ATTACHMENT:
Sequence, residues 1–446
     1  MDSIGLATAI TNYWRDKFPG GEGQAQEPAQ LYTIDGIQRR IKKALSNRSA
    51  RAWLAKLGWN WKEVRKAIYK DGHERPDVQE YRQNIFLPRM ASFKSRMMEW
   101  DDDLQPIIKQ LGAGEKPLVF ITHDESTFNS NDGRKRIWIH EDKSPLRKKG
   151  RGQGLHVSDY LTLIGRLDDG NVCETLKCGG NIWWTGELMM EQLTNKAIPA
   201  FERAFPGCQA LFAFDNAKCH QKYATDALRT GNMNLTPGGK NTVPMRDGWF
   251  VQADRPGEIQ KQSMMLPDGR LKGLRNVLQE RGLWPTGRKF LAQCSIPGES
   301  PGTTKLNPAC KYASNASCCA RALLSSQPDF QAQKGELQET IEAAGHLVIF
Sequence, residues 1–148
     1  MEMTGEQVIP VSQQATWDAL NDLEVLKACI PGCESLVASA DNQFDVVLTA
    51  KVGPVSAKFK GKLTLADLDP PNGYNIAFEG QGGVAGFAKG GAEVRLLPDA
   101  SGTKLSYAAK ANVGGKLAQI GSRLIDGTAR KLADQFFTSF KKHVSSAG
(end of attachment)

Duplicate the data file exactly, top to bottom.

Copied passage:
Sequence, residues 1–446
     1  MDSIGLATAI TNYWRDKFPG GEGQAQEPAQ LYTIDGIQRR IKKALSNRSA
    51  RAWLAKLGWN WKEVRKAIYK DGHERPDVQE YRQNIFLPRM ASFKSRMMEW
   101  DDDLQPIIKQ LGAGEKPLVF ITHDESTFNS NDGRKRIWIH EDKSPLRKKG
   151  RGQGLHVSDY LTLIGRLDDG NVCETLKCGG NIWWTGELMM EQLTNKAIPA
   201  FERAFPGCQA LFAFDNAKCH QKYATDALRT GNMNLTPGGK NTVPMRDGWF
   251  VQADRPGEIQ KQSMMLPDGR LKGLRNVLQE RGLWPTGRKF LAQCSIPGES
   301  PGTTKLNPAC KYASNASCCA RALLSSQPDF QAQKGELQET IEAAGHLVIF
Sequence, residues 1–148
     1  MEMTGEQVIP VSQQATWDAL NDLEVLKACI PGCESLVASA DNQFDVVLTA
    51  KVGPVSAKFK GKLTLADLDP PNGYNIAFEG QGGVAGFAKG GAEVRLLPDA
   101  SGTKLSYAAK ANVGGKLAQI GSRLIDGTAR KLADQFFTSF KKHVSSAG